Back at the end of January Takeaway Boy and I set out on our first of many euro foodie adventures planned for the year (the others being Berlin, Copenhagen and San Sebastian). Our aim? To sample as many local delicacies in each country and report back on the best places to drink and dine that we discover. So here are six of our best (and worst) finds in Brussels…
1. Drug Opera
A 19th-century French Brasserie with Old English Style Décor serving traditional Belgian and international specialities.
Our first food stop and first faux pas. Although the interior was charming and staff friendly, the food was disappointingly average. Being that we were in the motherland of moules-frites I didn’t expect to have the worst moules I’ve ever had. Despite a giant portion of the moules, it lacked a giant amount of flavour. Simon had a croque-monsieur €7.95 and also wasn’t impressed with the quality of ingredients and seasoning.
Price point: €€
Address: Grétrystraat 51, 1000 Bruxelles, Belgium
Phone: +32 2 229 16 66
2. Café Bizon
An intimate, brick-walled bar offering regular blues gigs, cocktails & a large choice of Belgian beers. European spirit measures helps account for the higher prices.
We stumbled across this fantastic bar on our first night and we didn’t leave until the early hours. The interior was captivating; expressive painted portraits of legendary blues singers and a vintage motorbike precariously hanging from above a horseshoe-shaped bar central to the room. Both the bar team and the punters were very welcoming, recommending several beers Simon should try. The favourite? A bottled, Bersalis Tripel. Not for the lightweight drinker mind you, weighing in at a 9% alcohol volume. Also and as a side note, but naturally not of bother to us at all, we’re pretty sure this was a gay bar.
Price point: €€
Address: Rue du Pont de la Carpe 7, 1000 Bruxelles, Belgium
Phone: +32 2 502 46 99
3. In’t Spinnekopke
A homely bar-restaurant in an 18th-century white-washed cottage with wood panelling, Flemish cuisine & Belgian beers. Very pricey.
Our Air B&B host recommended this spot for dinner, so expectations were high. Restaurant interiors don’t need to be fancy to feel comfortable and this place certainly wasn’t, but the food does need to hit the bar. With the price of just over €90 euros for two courses (one shared) and a carafe of wine, it didn’t.
The meal began with a complimentary basket of bread and a very typical Belgian delicacy – Boudin Blanc – which is a delicate white sausage served with mustard as an appetiser. I found this dish vapid and something neither of us would order again. For our first course, we opted to share the Fondu au Fromage de Maredsous – €11.50. We had a surprise when it came as we were expecting a big pot of melting cheese. Instead what was served was melted cheese encased in a breadcrumb coating. The biggest disappointment was the fillet steak we both ordered, which despite being served medium-rare, as requested, was tough, chewy and not melt-in-the-mouth as the cut should be if left to rest. The lack of music also provided very little ambience.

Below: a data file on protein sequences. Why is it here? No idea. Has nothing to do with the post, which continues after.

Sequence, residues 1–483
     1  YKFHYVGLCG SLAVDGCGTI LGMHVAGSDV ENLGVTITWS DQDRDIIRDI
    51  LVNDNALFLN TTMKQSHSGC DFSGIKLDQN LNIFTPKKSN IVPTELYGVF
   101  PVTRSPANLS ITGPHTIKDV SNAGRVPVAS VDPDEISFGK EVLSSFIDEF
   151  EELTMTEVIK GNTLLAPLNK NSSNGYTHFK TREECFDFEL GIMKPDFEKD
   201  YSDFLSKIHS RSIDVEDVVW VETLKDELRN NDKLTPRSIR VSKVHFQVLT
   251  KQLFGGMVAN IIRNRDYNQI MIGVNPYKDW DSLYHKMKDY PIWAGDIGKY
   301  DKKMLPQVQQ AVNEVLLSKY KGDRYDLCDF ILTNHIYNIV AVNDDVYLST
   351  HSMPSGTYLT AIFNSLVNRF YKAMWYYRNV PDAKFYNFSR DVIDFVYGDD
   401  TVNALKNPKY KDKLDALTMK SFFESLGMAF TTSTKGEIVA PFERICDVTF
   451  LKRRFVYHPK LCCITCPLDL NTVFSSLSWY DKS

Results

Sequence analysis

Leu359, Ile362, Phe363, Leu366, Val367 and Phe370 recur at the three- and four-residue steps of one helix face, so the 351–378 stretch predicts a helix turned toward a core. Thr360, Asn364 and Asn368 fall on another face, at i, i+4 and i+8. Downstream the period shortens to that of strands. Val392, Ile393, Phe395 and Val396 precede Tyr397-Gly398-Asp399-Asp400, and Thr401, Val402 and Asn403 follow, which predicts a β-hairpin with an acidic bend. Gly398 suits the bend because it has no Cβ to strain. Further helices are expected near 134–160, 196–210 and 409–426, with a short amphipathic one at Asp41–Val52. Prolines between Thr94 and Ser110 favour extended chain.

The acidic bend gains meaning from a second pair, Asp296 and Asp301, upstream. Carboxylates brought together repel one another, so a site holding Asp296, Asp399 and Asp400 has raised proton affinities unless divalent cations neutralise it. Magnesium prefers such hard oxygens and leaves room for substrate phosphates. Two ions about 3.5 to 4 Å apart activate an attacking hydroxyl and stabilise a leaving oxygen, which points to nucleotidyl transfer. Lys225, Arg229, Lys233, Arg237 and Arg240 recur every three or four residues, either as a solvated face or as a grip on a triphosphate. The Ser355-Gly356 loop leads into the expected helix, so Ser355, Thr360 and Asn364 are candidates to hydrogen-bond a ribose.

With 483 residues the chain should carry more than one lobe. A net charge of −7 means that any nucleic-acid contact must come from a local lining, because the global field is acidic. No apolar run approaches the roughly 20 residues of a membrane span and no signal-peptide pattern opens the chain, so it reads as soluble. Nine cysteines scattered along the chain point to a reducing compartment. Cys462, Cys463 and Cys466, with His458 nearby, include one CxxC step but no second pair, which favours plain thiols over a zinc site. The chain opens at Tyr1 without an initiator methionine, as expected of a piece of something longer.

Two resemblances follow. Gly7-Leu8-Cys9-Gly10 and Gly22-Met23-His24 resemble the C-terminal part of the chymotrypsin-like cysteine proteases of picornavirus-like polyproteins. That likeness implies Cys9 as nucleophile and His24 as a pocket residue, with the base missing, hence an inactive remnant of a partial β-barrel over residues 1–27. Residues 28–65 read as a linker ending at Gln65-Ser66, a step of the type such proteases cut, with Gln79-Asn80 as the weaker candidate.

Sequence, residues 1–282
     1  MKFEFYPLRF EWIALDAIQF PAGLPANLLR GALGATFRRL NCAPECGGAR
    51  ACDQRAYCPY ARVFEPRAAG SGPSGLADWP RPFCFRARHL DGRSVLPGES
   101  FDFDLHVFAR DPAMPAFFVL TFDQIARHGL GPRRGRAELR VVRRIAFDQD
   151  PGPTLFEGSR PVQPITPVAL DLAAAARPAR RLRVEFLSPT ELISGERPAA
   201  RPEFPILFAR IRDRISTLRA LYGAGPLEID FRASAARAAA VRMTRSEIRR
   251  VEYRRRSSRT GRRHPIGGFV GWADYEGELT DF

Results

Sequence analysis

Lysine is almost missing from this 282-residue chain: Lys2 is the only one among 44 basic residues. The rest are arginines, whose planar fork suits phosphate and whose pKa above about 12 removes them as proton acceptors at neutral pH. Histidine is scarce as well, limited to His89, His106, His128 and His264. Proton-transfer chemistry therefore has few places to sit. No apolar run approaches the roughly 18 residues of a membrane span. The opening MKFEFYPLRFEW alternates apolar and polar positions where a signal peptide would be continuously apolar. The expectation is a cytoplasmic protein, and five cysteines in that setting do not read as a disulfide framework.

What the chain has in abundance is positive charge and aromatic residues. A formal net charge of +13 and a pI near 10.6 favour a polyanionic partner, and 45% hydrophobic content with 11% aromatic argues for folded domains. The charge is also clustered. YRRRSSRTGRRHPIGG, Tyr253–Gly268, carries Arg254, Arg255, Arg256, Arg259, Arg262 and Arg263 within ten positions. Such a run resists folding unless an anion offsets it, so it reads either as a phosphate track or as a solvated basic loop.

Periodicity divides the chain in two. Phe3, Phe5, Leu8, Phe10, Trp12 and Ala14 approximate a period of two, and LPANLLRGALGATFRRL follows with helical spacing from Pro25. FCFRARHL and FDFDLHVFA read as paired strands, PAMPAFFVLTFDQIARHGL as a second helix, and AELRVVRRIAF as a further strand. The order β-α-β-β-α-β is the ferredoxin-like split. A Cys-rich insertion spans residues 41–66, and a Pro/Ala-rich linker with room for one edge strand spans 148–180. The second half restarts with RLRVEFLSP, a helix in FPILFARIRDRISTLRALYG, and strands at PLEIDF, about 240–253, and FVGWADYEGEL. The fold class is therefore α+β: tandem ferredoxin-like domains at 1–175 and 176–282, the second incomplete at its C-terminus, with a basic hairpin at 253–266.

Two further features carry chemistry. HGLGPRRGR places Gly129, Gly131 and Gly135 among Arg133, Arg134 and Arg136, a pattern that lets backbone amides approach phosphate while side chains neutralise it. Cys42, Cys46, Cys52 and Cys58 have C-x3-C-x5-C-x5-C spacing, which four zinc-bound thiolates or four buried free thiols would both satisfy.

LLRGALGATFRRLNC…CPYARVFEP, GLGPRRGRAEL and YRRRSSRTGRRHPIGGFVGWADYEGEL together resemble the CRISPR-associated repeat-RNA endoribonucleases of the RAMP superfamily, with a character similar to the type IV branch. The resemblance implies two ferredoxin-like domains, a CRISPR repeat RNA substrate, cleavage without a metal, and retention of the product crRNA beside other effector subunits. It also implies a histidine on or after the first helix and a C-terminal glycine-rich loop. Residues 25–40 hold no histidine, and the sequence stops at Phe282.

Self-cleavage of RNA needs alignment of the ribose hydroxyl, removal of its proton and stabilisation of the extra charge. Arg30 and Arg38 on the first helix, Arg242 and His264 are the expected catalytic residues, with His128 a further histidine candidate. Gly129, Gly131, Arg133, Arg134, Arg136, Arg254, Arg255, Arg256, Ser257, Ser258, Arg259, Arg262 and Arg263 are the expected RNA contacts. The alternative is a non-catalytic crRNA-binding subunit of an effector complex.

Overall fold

Price point: €€€
Address: Place du Jardin aux Fleurs 1, 1000 Bruxelles, Belgium
Phone: +32 2 511 86 95
4. Kombi Bar
Simple traditional Belgian cuisine and great value for money.
We stumbled across this bar after a long walk away from the city centre and what a pleasant surprise it was. We ordered more than we really needed because of our state of famish, but everything was delicious. My French onion soup rivalled any homemade attempt and came with cheesy toast with a great crunch. The frites were piping hot, without a trace of grease and presented in a paper cone. Simon had the charcuterie platter, which was good but not a patch on what you’d find in Italy.
Price point: €
Address: Rue Haute 60, 1000 Bruxelles, Belgium
Phone: +32 486 76 54 27
5. ‘T Kelderke
In a prime location, on the Grand Palace this restaurant offers regional delicacies, including horse steak, in an intimate, vaulted 17th-century dining room.
After my first dire experience of moules mariner in Brussels, I was hesitant to give them another go here, but having been promised great things of this restaurant via our friend, I had to give them another go. The difference was incomparable. The mussels came piled high in a gorgeous copper bowl to ensure they stayed piping hot and swimming in a rich cream and white wine sauce, which could have easily worked as a soup too it was that tasty. Simon ordered meatballs in a tomato sauce – €14 which came as three huge balls on a plate with fresh parsley seasoning. This was one of the best dining experiences of the whole trip. Very friendly staff (plus a lovely chef who let me peak inside the kitchen) and excellent traditional Belgian cuisine. It’s my top recommendation and ‘must visit’.
Price point: €€
Address: Grand Place 15, 1000 Bruxelles, Belgium
Phone: +32 2 513 73 44
6. Le Roi Des Belges
A relaxed 2-story cafe-bar on a corner with outdoor seating, a spiral staircase & DJs playing music.
Now if like me you find yourself eating way too much in the evenings and are looking for a lighter breakfast, this is your ideal spot. Coffee, tea and juice are served with two fresh croissants, plain and chocolate, and a selection of jams.
Price point: €
Address: Jules Van Praetstraat 35, 1000 Bruxelles, Belgium
Phone: +32 2 513 51 16
Where else in Brussels is a must for dining and drinks? I love to hear about your favourite spots too. Having just 48 hours to explore, I’m sure there were many other spots that we missed!
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